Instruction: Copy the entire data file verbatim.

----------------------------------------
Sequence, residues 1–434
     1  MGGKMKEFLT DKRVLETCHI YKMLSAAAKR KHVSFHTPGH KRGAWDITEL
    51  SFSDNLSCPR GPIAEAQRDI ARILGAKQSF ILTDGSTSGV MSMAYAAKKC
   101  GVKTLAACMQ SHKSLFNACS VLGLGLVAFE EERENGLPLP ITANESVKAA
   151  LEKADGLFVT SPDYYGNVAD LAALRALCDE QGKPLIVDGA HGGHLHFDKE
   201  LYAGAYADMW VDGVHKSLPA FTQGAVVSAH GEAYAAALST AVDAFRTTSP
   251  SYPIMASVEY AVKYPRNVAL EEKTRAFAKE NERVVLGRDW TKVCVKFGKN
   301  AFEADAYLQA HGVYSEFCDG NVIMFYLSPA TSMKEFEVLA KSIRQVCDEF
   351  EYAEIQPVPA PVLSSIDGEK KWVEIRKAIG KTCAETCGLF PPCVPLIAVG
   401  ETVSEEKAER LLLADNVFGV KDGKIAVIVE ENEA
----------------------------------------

Sequence, residues 1–434
     1  MGGKMKEFLT DKRVLETCHI YKMLSAAAKR KHVSFHTPGH KRGAWDITEL
    51  SFSDNLSCPR GPIAEAQRDI ARILGAKQSF ILTDGSTSGV MSMAYAAKKC
   101  GVKTLAACMQ SHKSLFNACS VLGLGLVAFE EERENGLPLP ITANESVKAA
   151  LEKADGLFVT SPDYYGNVAD LAALRALCDE QGKPLIVDGA HGGHLHFDKE
   201  LYAGAYADMW VDGVHKSLPA FTQGAVVSAH GEAYAAALST AVDAFRTTSP
   251  SYPIMASVEY AVKYPRNVAL EEKTRAFAKE NERVVLGRDW TKVCVKFGKN
   301  AFEADAYLQA HGVYSEFCDG NVIMFYLSPA TSMKEFEVLA KSIRQVCDEF
   351  EYAEIQPVPA PVLSSIDGEK KWVEIRKAIG KTCAETCGLF PPCVPLIAVG
   401  ETVSEEKAER LLLADNVFGV KDGKIAVIVE ENEA